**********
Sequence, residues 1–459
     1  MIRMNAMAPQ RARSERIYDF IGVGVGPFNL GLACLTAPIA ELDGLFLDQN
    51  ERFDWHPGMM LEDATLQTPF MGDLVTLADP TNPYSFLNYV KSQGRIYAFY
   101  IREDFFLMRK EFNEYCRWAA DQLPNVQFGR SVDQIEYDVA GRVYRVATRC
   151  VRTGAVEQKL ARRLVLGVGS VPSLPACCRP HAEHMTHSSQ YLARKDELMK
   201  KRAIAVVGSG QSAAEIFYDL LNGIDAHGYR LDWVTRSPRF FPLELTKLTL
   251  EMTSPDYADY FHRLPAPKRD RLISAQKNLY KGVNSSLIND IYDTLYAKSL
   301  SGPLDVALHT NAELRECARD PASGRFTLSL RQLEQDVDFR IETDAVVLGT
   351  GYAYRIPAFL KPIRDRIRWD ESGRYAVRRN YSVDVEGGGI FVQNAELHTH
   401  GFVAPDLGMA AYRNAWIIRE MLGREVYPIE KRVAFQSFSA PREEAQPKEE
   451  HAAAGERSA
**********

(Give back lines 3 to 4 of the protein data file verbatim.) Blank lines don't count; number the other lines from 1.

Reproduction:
    51  ERFDWHPGMM LEDATLQTPF MGDLVTLADP TNPYSFLNYV KSQGRIYAFY
   101  IREDFFLMRK EFNEYCRWAA DQLPNVQFGR SVDQIEYDVA GRVYRVATRC